Saturday, January 14, 2023

Law Enforcement in Ancient Egypt


Entrance to the afterlife depended on weight of the heart, a belief that spread to the Indus Valley.

Alice C. Linsley

In ancient Egypt the rule of judges and enforcement by police existed from as early as the Predynastic Period (c. 6000- 3150 BC). The Nile Valley was littered with thousands of small communities in which local elders serves as judges.

Later, the Pharaoh was supreme judge as the representative of the High God and his son Horus. The second highest legal authority was the Pharaoh's vizier. In the Book of Genesis, we read that Joseph became the vizier and his high rank gave him authority to punish crimes.

One of the earliest lawgivers in Egypt was Menes (2930-2900 BC). He administered justice and issued edicts which were designed to improve food production and distribution, guard the rights of ruling families, improve education and enhance knowledge of the natural world through geometry and astronomy. Weinman’s sculpture on the South Wall Frieze of the US Supreme Court building depicts Menes as an early lawgiver.

There are records of an office known as "Judge Commandant of the Police" dating to the Fourth Dynasty (2613-2492 BC).

The earliest law codes were of a religious nature and implemented by rulers who were served by royal priests, some of whom were certainly Hebrew. (In Akkadian the Hebrew ruler-priest caste was called Abrutu, from the Akkadian word abru, meaning priest).

The Code of Ani
is a negatively worded moral code, like the Ten Commandments. It dates to c. 2500 BC and is contemporaneous with The Reforms of Urukagina (Sumerian, 2500-2350 BC). His reforms are particularly concerned with the governance of the land and rules relating to burials. The text details the role of the king as protector of the weak. However, the Law of Tehut, a nome of Lower Egypt, dates to about 500 years earlier. 

Ancient law codes have a religious quality because religion and government were never separate in the ancient world. Among ancient populations religious laws governed every aspect of the community’s life. Religion and the rule of kings and priests contributed to social stability. Those who violated the law of kings faced punishment. The violation of religious taboos required repentance, sacrificial offerings, and cleansing from the priests. Serious violations (taboos) could result in banishment or execution. Adultery and homosexual relations were regarded as especially serious. These are mentioned in the Egyptian Book of the Dead and the Moral Code of Ani.

Those who broke a taboo by using something they are not to use or touch or by speaking words that they are not to speak, were punished by imprisonment, publicly shamed, or banished. Muttering incantations against the king or blaspheming the throne was a serious offense. The Code of Ani specifically mentions this: "I have not worked witchcraft against the King."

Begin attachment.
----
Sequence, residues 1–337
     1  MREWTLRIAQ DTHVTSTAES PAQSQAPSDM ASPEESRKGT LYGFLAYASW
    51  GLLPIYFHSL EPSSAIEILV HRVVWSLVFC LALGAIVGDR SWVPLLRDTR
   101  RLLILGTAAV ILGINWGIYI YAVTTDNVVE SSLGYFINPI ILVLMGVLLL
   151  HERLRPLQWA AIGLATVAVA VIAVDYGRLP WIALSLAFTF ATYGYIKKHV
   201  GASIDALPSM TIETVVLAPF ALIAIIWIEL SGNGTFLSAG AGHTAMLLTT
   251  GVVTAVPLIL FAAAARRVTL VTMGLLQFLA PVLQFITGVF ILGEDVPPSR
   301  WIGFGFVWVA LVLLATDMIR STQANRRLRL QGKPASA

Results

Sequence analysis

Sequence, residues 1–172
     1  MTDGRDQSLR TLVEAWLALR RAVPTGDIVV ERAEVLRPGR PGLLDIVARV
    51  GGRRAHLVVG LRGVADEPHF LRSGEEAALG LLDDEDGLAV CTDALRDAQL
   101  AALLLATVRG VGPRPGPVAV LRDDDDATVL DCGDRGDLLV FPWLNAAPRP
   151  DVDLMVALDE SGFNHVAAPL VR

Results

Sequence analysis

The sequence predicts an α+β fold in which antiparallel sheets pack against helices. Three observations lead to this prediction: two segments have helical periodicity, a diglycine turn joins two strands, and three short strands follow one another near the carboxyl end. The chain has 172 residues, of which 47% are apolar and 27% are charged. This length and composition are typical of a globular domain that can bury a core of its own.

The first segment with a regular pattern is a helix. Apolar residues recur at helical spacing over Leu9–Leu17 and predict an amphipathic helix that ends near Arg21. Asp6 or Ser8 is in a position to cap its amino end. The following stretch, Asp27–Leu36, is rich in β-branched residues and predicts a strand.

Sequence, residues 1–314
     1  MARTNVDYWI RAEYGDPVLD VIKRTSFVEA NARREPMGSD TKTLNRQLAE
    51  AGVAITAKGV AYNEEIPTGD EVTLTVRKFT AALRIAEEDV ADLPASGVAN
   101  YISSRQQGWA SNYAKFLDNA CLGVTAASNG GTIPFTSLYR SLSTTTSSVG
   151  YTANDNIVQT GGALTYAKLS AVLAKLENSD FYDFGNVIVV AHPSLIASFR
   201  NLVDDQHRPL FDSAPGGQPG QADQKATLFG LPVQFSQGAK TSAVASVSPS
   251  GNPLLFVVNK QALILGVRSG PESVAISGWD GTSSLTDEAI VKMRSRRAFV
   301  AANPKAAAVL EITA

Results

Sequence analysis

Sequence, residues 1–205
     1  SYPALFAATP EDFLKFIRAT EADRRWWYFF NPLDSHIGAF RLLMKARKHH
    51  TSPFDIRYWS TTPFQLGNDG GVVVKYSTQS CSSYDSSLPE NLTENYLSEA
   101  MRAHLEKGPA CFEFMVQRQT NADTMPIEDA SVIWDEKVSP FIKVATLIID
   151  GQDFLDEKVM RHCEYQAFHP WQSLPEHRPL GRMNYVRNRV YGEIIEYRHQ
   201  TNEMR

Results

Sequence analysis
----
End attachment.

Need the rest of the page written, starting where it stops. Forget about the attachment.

The Pharaoh had the same spiritual and legal authority in his Kingdom as the High Priest had in ancient Israel. Innocent parties were to remain in the city of refuge until the death of the High Priest, at which time the party could return to his people, and he was not to be harmed by any act of retribution.

If a fugitive died in a city of refuge before the High Priest died, he was buried in the city of refuge. His body could be moved for reburial only after the high priest died. This suggests that the legal precedent for treatment of fugitives in the cities of refuge predates Moses. Moses returned to Egypt after the Pharaoh died (Exodus 4:19).

King Nubkheperra Intef (1571-1565 BC) had a Hyskos rival who apparently sought refuge in the Temple of Min. That temple was under the authority of the priest Teti, son of Minhetep. Intef responded by ordering an audit of the temple to uncover irregularities. Whether Teti was guilty of harboring a fugitive is not certain, but Teti was removed from office, lost all royal benefits to himself and his family, and his sons were no longer able to fill the hereditary office. Similar penalties were applied to an Egyptian ship captain who harbored a political fugitive about 240 years earlier (D. Lorton, p. 22).

Among the Kings of Egypt, the more serious the offense, the more terrible the punishment. The Hayes Papyrus of the Late Middle Kingdom (3100-2250 BC) refers to five laws dealing with fugitives. Some fugitives were branded (D. Lorton, p. 18), and some were banished (like Cain).

The most serious crimes were those against the throne: robbing royal graves, insurrection, and hiding political enemies. The punishment for robbing grave goods and selling them was impalement, followed by dismemberment. Insurrectionists were sometimes fed to the crocodiles, which would result in the second death since the body and the soul could not be reunited in the afterlife.

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